Variable Declarations

Declaring a variable should be done using the let keyword:

let a = 10;

var vs let

Declaring a variable in JavaScript has always traditionally been done with the var keyword.

var a = 10;

The var construct has some problems, which is why let statements were introduced. Apart from the keyword used, let statements are written the same way var statements are.

let a = 10;

The key difference is not in the syntax, but in the semantics, which we’ll now dive into.

Use let instead of var to introduce a new variable!!!

Block-scoping

When a variable is declared using let, it uses what some call lexical-scoping or block-scoping. Unlike variables declared with var whose scopes leak out to their containing function, block-scoped variables are not visible outside of their nearest containing block or for-loop.

function f(input: boolean) {
    let a = 100;

    if (input) {
        // Still okay to reference 'a'
        let b = a + 1;
        return b;
    }

    // Error: 'b' doesn't exist here
    return b;
}

Here, we have two local variables a and b. a‘s scope is limited to the body of f while b‘s scope is limited to the containing if statement’s block.

Another property of block-scoped variables is that they can’t be read or written to before they’re actually declared. While these variables are “present” throughout their scope, all points up until their declaration are part of their temporal dead zone. This is just a sophisticated way of saying you can’t access them before the let statement, and luckily TypeScript will let you know that.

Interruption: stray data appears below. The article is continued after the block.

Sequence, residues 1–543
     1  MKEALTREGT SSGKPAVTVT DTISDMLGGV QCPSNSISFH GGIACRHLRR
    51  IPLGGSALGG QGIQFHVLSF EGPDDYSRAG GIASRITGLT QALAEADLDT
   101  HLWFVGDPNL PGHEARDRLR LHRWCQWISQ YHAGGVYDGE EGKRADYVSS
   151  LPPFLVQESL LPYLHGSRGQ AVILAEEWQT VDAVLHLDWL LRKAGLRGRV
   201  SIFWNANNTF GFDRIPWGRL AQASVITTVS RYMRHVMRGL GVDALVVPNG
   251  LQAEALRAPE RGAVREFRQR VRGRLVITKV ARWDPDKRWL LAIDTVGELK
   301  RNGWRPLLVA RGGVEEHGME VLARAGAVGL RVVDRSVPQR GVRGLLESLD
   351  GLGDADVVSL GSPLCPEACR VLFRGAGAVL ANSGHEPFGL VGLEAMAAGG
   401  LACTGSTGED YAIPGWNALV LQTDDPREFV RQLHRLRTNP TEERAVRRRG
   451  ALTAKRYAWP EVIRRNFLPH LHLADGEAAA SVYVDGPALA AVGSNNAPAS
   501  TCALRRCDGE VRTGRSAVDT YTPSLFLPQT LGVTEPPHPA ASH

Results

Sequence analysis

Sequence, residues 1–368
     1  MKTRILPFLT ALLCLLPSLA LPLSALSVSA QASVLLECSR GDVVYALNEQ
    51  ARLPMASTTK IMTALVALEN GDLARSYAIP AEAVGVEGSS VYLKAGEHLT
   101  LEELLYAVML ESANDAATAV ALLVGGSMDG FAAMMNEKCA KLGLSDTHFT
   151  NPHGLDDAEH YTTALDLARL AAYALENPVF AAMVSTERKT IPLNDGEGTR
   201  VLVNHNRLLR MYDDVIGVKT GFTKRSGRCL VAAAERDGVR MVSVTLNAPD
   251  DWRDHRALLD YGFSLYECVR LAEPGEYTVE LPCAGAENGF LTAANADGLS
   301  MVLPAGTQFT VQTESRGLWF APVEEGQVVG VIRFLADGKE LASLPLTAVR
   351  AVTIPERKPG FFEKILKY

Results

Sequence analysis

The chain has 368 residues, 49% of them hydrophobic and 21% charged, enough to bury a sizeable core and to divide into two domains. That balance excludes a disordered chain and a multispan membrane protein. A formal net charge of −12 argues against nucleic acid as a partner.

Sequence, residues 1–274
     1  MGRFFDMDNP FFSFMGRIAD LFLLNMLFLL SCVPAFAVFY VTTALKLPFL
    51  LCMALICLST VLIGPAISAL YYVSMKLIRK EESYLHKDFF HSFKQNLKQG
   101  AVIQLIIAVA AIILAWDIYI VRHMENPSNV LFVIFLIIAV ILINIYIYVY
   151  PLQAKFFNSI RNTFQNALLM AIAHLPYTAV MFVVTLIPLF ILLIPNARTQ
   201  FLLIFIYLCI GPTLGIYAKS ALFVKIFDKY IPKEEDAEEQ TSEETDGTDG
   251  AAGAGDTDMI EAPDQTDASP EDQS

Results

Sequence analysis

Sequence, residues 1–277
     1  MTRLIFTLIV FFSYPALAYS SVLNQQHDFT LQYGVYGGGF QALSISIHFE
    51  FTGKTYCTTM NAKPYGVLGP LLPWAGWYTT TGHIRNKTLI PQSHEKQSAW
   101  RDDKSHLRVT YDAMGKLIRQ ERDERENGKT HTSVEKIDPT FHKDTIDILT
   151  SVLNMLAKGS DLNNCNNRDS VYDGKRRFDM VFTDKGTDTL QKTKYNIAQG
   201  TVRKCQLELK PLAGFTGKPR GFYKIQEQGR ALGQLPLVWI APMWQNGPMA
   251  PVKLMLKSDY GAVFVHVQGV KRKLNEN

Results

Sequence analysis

a++; // illegal to use 'a' before it's declared;
let a;

Re-declarations

With var declarations, it doesn’t matter how many times you declare your variables, you just get one:

var x = 10;
var x = 20;

In the above example, all declarations of x actually refer to the same x, and this is perfectly valid. This often ends up being a source of bugs. Thankfully, let declarations are not as forgiving.

let x = 10;
let x = 20; // error: can't re-declare 'x' in the same scope

Shadowing

The act of introducing a new name in a more deeply nested scope is called shadowing. It is a bit of a double-edged sword in that it can introduce certain bugs on its own in the event of accidental shadowing, while also preventing certain bugs. For instance, imagine a sumMatrix function using let variables.

function sumMatrix(matrix: number[][]) {
    let sum = 0;
    for (let i = 0; i < matrix.length; i++) {
        var currentRow = matrix[i];
        for (let i = 0; i < currentRow.length; i++) {
            sum += currentRow[i];
        }
    }

    return sum;
}

This version of the loop will actually perform the summation correctly because the inner loop’s i shadows i from the outer loop. Shadowing should usually be avoided in the interest of write clearer code, such as

function sumMatrix(matrix: number[][]) {
    let sum = 0;
    for (let i = 0; i < matrix.length; i++) {
        var currentRow = matrix[i];
        for (let j = 0; j < currentRow.length; j++) {
            sum += currentRow[j];
        }
    }

    return sum;
}

While there are some scenarios where it may be fitting to take advantage of it, you should use your best judgement.

const declarations

const declarations are another way of declaring variables.

const numLivesForCat = 9;

They are like let declarations but, as their name implies, their value cannot be changed once they are bound. In other words, they have the same scoping rules as let, but you can’t re-assign to them.